Aqua Security today unveiled a Kubernetes Security Posture Management (KSPM) offering that provides IT teams with a set of policies and controls to automate configuration and compliance of Kubernetes clusters.
In addition, Aqua Security has added a Kubernetes Runtime Protection module that provides an option for using Kubernetes Admission Controllers to deploy security controls as a set of sidecar containers directly on to a Kubernetes pod.
KSPM comes with more than 20 predefined rules available out of the box as well as support for Open Policy Agent (OPA) Rego rules that IT teams can use to build custom rules. These policies work in conjunction with existing Image Assurance Policies developed by Aqua Security to control which containers run in a cluster based on their contents and configuration as well as pod configuration.
In addition, a Kubernetes roles and subjects assessment capability tracks user and service account privileges to identify risks and make remediation suggestions.
The company also updated its Cloud Security Posture Management (CSPM) offering for containers and virtual machines to include a customizable dashboard, support for the Amazon Web Services (AWS) Bottlerocket operating system, auto-remediation capabilities on the Microsoft Azure cloud, additional compliance reporting and the ability to scan NFS mounts.
Rani Osnat, vice president of strategy and product marketing for Aqua Security, says as Kubernetes becomes more widely deployed in production environments the number of attacks aimed at misconfigured Kubernetes clusters will increase steadily. The issue is that given the complexity of Kubernetes, it’s relatively easy to make a mistake, he notes. Many IT teams are also worried about breaking applications when they add additional security controls after a Kubernetes cluster is up and running.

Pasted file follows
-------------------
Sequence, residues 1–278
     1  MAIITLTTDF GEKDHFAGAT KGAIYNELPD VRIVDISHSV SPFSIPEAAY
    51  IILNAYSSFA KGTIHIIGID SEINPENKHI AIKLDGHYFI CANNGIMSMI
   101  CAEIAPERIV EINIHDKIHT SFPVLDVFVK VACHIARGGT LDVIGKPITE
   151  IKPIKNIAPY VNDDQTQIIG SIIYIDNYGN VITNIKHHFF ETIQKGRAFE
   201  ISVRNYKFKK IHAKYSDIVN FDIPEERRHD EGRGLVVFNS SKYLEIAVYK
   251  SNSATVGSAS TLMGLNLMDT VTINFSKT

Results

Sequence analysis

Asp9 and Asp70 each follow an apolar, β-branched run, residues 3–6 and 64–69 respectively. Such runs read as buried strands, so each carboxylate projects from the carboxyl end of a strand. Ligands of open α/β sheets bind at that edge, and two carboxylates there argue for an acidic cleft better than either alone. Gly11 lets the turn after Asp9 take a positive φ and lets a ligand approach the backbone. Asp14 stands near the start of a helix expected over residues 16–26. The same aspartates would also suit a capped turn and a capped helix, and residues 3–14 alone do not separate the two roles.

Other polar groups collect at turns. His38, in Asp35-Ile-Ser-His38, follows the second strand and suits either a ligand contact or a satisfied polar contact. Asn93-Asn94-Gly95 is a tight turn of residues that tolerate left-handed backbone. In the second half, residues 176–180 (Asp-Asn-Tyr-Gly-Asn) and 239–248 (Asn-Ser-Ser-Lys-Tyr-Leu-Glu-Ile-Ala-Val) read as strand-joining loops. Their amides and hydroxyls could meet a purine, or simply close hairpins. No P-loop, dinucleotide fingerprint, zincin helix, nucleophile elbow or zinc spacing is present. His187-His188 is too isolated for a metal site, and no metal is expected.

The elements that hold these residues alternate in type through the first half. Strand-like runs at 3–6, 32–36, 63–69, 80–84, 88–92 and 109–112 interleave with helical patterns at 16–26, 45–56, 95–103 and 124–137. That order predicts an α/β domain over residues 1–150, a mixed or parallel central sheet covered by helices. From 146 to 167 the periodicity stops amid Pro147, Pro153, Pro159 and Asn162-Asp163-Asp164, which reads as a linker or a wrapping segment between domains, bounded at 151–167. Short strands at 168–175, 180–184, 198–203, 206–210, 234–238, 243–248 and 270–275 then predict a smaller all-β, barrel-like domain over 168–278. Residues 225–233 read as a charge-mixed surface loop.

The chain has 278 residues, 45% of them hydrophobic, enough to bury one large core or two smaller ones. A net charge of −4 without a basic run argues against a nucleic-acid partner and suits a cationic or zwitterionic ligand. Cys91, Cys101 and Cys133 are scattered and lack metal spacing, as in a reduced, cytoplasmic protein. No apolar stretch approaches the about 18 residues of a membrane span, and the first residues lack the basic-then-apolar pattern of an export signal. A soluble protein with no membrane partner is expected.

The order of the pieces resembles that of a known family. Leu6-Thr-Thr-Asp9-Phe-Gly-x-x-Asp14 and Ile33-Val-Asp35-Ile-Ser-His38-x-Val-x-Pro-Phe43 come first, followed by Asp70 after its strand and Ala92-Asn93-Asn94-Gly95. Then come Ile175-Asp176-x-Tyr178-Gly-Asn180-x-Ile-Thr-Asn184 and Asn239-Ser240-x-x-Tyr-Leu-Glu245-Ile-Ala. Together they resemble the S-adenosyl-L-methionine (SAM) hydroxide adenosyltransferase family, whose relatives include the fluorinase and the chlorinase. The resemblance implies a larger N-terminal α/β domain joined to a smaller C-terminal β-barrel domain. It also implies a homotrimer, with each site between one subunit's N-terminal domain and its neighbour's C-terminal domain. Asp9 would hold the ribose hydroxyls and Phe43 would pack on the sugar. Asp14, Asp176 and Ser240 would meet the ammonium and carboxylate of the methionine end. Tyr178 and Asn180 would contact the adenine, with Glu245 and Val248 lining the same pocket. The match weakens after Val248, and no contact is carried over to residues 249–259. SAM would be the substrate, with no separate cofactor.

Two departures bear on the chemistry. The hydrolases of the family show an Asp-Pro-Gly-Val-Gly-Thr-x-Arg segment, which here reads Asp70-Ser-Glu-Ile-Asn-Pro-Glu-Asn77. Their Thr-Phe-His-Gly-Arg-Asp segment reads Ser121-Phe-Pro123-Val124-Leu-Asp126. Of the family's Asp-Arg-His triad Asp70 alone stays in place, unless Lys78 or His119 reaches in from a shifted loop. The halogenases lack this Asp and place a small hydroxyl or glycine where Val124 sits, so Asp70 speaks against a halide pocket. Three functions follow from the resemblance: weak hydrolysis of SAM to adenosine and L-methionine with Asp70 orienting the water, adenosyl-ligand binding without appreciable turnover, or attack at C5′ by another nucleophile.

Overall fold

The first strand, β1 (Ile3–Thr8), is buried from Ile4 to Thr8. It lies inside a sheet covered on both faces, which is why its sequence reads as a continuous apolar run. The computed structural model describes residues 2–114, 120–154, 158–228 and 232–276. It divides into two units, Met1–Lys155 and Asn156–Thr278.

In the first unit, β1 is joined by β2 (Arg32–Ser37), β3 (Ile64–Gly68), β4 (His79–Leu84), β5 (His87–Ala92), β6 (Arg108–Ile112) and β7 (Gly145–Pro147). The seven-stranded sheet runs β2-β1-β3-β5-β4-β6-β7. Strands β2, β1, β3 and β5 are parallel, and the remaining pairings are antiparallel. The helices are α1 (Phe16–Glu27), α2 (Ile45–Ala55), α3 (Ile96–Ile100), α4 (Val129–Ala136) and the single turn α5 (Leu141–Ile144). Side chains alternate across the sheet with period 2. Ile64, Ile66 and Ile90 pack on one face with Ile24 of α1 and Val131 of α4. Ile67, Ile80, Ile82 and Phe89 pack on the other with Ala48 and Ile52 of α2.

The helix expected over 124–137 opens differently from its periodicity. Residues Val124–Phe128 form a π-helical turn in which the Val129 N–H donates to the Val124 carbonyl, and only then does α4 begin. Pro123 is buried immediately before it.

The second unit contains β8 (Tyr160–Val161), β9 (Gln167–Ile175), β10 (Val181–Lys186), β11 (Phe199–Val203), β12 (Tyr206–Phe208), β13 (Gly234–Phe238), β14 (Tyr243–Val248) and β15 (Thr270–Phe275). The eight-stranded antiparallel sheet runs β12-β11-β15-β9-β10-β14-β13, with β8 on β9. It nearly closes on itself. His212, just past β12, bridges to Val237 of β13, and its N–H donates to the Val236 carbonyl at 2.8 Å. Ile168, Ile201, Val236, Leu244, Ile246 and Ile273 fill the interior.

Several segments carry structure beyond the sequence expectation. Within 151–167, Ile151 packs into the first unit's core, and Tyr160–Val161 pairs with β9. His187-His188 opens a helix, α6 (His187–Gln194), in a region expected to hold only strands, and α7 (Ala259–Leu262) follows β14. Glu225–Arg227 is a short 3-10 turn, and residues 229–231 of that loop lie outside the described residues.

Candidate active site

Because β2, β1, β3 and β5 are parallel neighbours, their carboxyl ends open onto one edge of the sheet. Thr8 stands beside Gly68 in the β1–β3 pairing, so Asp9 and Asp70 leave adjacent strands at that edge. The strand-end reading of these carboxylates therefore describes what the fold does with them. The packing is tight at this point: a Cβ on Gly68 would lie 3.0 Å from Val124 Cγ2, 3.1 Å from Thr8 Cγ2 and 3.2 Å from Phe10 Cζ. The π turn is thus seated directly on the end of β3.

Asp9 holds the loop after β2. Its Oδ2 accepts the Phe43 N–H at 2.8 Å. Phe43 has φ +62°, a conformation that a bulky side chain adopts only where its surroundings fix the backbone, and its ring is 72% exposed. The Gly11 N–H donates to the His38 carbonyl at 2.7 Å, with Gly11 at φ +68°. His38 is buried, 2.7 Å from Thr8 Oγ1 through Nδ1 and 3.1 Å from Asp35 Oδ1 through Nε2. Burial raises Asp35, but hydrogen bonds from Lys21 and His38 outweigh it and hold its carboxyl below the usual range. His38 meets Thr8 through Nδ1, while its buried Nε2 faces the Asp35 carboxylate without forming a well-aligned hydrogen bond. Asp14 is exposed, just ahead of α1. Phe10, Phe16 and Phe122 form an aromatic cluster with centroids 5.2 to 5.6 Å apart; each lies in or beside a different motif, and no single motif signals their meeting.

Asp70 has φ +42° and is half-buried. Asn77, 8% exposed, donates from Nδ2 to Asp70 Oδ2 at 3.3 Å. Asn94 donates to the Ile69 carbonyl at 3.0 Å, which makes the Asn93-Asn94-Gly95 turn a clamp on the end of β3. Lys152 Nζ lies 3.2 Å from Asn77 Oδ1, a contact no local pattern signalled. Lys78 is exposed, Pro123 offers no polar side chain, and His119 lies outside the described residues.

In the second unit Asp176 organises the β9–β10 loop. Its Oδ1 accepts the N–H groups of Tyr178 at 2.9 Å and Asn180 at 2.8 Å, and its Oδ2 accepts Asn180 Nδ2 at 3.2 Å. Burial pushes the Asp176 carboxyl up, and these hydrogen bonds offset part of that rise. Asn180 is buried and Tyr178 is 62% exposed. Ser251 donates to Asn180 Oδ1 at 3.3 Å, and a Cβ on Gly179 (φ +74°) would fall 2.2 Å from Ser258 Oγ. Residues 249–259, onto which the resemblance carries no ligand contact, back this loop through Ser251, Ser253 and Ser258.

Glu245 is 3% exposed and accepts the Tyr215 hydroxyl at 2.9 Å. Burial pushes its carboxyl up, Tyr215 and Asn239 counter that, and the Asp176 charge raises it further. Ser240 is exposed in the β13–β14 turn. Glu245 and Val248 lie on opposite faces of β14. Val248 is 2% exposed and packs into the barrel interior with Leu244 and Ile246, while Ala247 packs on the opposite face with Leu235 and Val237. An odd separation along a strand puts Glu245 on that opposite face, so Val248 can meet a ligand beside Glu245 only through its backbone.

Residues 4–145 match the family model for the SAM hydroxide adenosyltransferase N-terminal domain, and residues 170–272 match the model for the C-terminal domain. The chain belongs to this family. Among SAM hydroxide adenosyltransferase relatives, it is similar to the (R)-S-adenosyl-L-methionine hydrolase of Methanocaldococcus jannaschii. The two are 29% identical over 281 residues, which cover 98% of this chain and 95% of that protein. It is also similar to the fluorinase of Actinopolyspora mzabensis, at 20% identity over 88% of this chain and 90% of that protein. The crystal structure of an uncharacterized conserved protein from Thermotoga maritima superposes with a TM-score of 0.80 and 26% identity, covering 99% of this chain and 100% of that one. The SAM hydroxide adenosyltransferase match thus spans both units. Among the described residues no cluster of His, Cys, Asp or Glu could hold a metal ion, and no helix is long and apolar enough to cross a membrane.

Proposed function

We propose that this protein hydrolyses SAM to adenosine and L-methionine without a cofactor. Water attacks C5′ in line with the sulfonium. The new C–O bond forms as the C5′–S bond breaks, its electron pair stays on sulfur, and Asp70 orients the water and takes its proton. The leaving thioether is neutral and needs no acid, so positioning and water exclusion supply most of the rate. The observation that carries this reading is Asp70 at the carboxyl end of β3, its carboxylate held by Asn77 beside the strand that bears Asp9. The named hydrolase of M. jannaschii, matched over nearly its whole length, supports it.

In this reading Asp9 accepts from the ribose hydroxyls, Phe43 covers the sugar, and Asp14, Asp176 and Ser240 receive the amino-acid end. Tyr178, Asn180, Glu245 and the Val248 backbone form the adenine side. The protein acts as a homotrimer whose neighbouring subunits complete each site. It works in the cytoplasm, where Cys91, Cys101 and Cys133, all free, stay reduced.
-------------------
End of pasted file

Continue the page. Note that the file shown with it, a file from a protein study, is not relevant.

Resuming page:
In fact, most Kubernetes clusters are deployed by developers who have limited security expertise. The roles and subjects assessment capability enabled by Aqua Security should make it easier for developers to securely deploy Kubernetes clusters by surfacing setting recommendations based on risk versus simply presenting developers with a set of configuration issues that lack any context, adds Osnat.
No developer deliberately sets off to deploy a misconfigured Kubernetes cluster. Developers in the interest of speed are using tools such as Terraform to automate the deployment of Kubernetes clusters, many of which are inadvertently misconfigured. Cybersecurity teams don’t always have the time or expertise required to vet those deployments.
Those issues, however, don’t appear to be slowing down the rate at which Kubernetes clusters are being deployed, as organizations rush to build and deploy cloud-native applications. The need to build more flexible and resilient applications is trumping security concerns.
As organizations eventually embrace best DevSecOps practices, many basic security issues should be addressed as part of the workflow of building and deploying cloud-native applications. As is always the case with any emerging IT platform, security is once again playing catchup, notes Osnat.
Hopefully, developers will now apply an ounce of Kubernetes configuration prevention more aggressively before a pound of cybersecurity cure is required later.